2023 SABR Analytics Conference Research Awards: Voting Open Now!

1. Cole Hamels
Phillies left-hander Cole Hamels didn't want to go there last week when I asked for his reaction to the six-year, $126-million contract right-hander Matt Cain signed with the Giants. Said Hamels, "I owe it to my teammates and our fans to concentrate on pitching. It just wouldn't be right to talk about my personal situation now." Hamels can become a free agent at the end of the season, just like Cain could have been. With contract prices rising by the week, the Phillies would be wise to get Hamels locked up now. The Phillies are an aging team—the age is showing with Ryan Howard and Chase Utley out of the lineup while recovering from major injuries—and the 28-year-old Hamels is someone they can retool around, perhaps as soon as the upcoming offseason. Hamels has proven to be durable, averaging 230 innings per year (including postseason) over the past four seasons and recovering quickly from the minor elbow surgery he underwent last winter. Hamels has also been worth an average of 3.6 WARP in the last five seasons; PECOTA pegs him for that total this season, a sign of his consistency. Barring a major injury, Hamels' price will be higher than Cain's by the time he reaches the open market in November. That is why the Phillies need to get a deal done now. —John Perrotto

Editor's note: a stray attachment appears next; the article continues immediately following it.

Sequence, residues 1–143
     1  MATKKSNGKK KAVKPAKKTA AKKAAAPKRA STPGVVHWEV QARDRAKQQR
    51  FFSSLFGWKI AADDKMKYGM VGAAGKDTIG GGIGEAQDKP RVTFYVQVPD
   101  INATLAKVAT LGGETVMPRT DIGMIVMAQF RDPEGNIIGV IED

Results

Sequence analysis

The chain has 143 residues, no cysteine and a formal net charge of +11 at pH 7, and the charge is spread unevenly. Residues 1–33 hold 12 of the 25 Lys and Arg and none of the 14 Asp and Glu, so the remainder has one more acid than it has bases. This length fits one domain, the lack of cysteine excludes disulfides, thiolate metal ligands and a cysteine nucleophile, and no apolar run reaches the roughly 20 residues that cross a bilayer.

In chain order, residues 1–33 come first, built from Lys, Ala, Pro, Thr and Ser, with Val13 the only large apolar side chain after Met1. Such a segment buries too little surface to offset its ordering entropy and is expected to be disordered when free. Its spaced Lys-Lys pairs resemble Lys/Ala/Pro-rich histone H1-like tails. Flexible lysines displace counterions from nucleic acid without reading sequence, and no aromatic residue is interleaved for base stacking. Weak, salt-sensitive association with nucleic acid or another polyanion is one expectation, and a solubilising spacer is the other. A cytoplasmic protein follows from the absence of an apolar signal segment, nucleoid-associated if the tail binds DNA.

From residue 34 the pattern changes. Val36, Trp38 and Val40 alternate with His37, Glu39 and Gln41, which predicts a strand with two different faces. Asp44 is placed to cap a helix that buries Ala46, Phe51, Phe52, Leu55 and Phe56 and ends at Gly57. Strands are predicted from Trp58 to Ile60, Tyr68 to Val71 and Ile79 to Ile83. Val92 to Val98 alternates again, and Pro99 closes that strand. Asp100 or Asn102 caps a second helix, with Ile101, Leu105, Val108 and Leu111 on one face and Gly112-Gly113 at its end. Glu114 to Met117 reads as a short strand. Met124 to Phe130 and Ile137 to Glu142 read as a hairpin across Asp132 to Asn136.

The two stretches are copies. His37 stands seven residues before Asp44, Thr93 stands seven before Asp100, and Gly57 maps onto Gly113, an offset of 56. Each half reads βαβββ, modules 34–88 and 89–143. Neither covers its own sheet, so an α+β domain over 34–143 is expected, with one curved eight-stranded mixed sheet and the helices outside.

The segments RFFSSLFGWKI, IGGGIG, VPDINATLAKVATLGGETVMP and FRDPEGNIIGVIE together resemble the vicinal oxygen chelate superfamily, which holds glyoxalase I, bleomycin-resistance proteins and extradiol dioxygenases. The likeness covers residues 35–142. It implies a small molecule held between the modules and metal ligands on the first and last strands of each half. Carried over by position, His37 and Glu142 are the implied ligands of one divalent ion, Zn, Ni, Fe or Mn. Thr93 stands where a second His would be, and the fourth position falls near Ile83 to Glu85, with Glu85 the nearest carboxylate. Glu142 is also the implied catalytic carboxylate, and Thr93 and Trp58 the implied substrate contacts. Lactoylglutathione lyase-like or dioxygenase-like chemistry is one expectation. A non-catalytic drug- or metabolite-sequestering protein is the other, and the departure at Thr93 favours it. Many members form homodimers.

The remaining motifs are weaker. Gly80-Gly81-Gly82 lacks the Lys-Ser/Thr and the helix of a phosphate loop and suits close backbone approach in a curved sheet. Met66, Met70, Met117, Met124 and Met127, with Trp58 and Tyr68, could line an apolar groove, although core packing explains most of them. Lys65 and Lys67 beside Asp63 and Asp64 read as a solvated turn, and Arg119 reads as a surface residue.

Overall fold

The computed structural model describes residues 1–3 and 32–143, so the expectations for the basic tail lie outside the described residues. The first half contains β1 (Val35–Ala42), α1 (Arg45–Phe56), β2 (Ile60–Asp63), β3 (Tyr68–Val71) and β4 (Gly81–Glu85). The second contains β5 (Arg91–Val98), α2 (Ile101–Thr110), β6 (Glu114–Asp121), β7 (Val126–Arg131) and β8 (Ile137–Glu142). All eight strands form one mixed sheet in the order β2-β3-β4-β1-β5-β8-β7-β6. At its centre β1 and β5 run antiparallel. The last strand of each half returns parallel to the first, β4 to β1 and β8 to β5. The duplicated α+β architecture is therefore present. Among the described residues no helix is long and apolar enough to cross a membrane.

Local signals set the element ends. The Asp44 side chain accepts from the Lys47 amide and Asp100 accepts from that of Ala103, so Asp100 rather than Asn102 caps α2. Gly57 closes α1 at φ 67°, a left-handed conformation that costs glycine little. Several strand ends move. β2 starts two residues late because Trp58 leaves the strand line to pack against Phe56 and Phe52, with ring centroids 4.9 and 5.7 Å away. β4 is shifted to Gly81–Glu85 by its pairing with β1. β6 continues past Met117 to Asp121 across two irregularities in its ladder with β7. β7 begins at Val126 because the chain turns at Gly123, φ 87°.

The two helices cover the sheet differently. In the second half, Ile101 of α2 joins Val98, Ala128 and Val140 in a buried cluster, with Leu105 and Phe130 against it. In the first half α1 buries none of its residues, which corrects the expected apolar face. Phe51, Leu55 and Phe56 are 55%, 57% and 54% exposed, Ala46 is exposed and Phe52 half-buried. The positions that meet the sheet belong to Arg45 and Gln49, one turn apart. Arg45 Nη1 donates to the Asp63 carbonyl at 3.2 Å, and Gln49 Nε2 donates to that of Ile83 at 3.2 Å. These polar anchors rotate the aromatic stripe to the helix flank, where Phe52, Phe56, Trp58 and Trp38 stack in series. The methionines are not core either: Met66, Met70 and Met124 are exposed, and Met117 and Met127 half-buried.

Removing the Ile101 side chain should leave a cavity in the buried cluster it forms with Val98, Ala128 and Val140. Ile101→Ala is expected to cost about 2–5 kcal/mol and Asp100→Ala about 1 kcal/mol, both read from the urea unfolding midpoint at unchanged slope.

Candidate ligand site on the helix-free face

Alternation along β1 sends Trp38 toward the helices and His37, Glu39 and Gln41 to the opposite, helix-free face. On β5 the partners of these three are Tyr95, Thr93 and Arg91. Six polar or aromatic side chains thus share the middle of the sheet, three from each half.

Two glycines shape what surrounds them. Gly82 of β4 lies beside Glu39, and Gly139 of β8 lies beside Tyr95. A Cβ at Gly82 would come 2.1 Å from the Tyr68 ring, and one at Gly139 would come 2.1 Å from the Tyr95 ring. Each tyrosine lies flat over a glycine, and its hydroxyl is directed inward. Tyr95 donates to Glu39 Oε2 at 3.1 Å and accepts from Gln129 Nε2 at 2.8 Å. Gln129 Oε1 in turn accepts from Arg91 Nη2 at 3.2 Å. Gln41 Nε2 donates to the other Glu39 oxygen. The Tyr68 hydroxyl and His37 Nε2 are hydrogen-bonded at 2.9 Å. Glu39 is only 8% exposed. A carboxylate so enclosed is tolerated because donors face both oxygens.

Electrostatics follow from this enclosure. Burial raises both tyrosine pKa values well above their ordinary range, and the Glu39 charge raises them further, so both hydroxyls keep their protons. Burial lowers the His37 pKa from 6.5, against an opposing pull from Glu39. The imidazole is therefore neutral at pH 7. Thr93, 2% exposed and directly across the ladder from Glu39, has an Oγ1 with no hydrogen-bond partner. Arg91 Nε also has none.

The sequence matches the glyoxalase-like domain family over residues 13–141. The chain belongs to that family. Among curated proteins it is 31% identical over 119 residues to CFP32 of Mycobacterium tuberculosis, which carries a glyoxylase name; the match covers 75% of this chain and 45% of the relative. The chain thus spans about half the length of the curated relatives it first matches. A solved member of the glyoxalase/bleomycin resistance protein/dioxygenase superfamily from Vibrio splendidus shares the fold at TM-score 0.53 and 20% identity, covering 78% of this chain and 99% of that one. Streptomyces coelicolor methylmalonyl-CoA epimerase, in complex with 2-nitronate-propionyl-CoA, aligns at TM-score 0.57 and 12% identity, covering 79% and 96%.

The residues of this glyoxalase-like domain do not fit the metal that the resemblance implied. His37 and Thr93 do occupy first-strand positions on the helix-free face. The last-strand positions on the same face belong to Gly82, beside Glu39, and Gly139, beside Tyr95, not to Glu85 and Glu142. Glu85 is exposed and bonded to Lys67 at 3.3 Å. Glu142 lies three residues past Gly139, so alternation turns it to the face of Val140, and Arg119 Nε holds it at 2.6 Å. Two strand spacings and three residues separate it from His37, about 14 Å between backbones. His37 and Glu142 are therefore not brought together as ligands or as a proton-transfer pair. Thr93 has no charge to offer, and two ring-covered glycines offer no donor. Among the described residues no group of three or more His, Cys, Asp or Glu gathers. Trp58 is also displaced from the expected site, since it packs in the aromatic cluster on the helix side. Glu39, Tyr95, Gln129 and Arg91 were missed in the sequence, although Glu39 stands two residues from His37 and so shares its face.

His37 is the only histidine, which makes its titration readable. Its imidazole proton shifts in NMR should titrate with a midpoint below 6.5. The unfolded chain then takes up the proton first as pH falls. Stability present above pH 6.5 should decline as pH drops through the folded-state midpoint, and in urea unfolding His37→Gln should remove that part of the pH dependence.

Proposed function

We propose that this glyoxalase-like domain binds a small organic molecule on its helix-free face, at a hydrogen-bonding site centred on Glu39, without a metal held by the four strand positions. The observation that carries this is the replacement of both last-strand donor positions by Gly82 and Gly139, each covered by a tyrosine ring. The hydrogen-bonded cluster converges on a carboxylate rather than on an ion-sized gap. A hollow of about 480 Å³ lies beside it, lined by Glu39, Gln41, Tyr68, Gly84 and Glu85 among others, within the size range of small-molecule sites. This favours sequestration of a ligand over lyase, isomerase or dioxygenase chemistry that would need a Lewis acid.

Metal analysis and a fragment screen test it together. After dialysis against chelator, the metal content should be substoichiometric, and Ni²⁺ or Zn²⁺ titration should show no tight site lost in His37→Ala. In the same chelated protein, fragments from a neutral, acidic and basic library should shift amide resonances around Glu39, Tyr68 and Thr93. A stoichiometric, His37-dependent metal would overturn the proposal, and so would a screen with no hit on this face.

2. Eric Hosmer
Hands off, big markets. I can see you salivating over Eric Hosmer’s impending (as in six years from now) free agency. We Royals fans haven’t even had our feel-good seasons yet. What would it take to lock up Hosmer through his prime? A Joey Votto contract? Ten years of Hos and Moose? Oh yes, Hosmer’s best friend and fellow Boras subject, Mike Moustakas, would be much more inclined to stick around if the Royals can convince Hosmer to commit for the long term. Even though Moustakas is a year older, he very much seems like Hosmer’s little brother, and in more ways than the difference in their respective statures. Locking up Billy Butler, Sal Perez, Alcides Escobar, and Alex Gordon was nice, but only Hosmer can be the next George Brett in Kansas City—the iconic player of the next great era of Royals baseball. Give him a barbeque restaurant, a pass to park in any handicap spot in KC, or make him the permanent Grand Marshal of the Plaza Lights opening ceremony. Lock him down, whatever it takes, whatever he wants. —Bradford Doolittle

3. Madison Bumgarner